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Graphics/Benchmarks
Microsoft
Ubuntu

This comparison is similar to the three-way NVIDIA GeForce graphics card comparison from Monday but just testing the Maxwell-based GeForce GTX 970 and GTX 980 graphics cards while running the latest binary drivers on Windows and Linux. As with the other end-of-2014 Windows vs. Linux benchmarks, Windows 7 Pro x64 with all available system updates was used and on the Linux side was Ubuntu 14.10. The latest NVIDIA Linux driver is the 346.22 driver version while the latest Windows version at the time of testing was the 347.09 driver release.

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Samsung Galaxy S6 review

I have been pretty hard on Samsung over the past few years, but let’s be honest: the company deserved it. Time and time again, we’ve seen Samsung launch fantastic flagship smartphones that are class leaders in almost every key area. Samsung’s mobile displays are the best in the world, many of its software additions have mass appeal, and its phones are always among the best available when it comes to performance. But where design, build quality and materials are concerned, Samsung has always been at the bottom of the pile. That changes in 2015, and the Galaxy S6 is our first look at the future of flagship Samsung phones. On the inside, the S6 is everything we have come to expect from the company’s premium smartphones. And on the outside, the Galaxy S6 is like nothing we have ever seen before from Samsung. Read more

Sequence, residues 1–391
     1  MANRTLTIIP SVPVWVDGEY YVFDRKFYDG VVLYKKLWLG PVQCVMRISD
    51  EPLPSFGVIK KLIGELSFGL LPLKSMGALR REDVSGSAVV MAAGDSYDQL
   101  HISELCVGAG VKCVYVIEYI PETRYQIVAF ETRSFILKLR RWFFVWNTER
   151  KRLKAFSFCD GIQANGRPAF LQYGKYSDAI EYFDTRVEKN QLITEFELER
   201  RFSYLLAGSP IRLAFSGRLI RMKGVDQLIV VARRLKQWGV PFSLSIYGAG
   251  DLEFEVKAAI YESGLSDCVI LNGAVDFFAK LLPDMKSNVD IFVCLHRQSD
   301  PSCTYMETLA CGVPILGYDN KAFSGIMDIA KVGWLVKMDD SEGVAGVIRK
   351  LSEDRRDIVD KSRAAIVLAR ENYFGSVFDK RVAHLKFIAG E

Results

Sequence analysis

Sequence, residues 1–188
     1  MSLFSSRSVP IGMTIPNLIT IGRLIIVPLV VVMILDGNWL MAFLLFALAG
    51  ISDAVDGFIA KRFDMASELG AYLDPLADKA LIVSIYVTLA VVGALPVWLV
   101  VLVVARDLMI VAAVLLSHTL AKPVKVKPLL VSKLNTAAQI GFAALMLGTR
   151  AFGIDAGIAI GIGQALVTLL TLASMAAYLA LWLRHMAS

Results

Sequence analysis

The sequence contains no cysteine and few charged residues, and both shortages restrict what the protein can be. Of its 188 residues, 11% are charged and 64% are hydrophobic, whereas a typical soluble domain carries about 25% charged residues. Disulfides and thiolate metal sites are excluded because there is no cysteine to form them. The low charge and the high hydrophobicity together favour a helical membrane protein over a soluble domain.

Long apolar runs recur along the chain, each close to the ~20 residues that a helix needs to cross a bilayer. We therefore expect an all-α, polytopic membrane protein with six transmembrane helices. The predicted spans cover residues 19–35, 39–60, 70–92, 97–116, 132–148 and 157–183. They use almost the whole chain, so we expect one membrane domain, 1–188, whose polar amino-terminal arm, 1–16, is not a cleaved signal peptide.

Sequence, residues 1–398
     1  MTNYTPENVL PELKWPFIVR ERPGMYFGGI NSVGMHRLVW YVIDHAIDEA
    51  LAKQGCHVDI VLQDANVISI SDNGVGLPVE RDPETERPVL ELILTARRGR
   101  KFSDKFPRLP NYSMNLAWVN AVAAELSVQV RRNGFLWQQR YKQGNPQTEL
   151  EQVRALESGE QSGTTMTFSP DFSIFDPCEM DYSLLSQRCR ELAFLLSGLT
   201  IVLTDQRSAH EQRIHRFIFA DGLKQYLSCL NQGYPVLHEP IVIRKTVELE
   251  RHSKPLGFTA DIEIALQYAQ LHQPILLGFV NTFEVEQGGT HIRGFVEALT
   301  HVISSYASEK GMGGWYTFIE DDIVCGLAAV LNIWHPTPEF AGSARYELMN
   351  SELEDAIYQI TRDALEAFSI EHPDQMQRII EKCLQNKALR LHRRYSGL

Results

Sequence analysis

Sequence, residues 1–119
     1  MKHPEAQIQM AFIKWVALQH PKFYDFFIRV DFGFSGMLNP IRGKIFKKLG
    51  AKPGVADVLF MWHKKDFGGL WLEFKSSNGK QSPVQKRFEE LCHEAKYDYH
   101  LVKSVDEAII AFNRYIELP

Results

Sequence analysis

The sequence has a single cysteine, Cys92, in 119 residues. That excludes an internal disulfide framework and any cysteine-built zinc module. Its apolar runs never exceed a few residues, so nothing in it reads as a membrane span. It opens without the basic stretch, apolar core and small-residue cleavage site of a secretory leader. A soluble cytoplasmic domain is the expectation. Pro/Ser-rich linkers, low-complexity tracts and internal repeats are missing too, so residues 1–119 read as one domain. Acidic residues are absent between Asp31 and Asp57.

Linux-Based Firewall and Router Smoothwall Express 3.1 Service Pack 1 Released

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Sabayon 15.04 Linux Distro Brings Xfce 4.12, Native Nvidia and AMD Video Drivers Support

The Sabayon development team had the pleasure of informing its users about the immediate availability for download of the latest monthly release of their Sabayon Linux operating system derived from the well-known Gentoo distribution. Read more

Fedora 22 Alpha Now Available For AArch64 & PowerPC64

The alpha release of Fedora 22 was released a few weeks ago for the primary CPU architectures while finally coming out today is the F22 Alpha for 64-bit ARM and PowerPC architectures. Peter Robinson announced this afternoon the Fedora 22 Alpha release for AArch64 and Power64 architectures. These alternative architecture spins of the very promising Fedora 22 are primarily focused on the Server Edition of Fedora Linux. AArch64 and Power64 users of Fedora can learn more about this first Fedora 22 development release via the mailing list announcement. Fedora 22 is expected to be officially released in May. Read more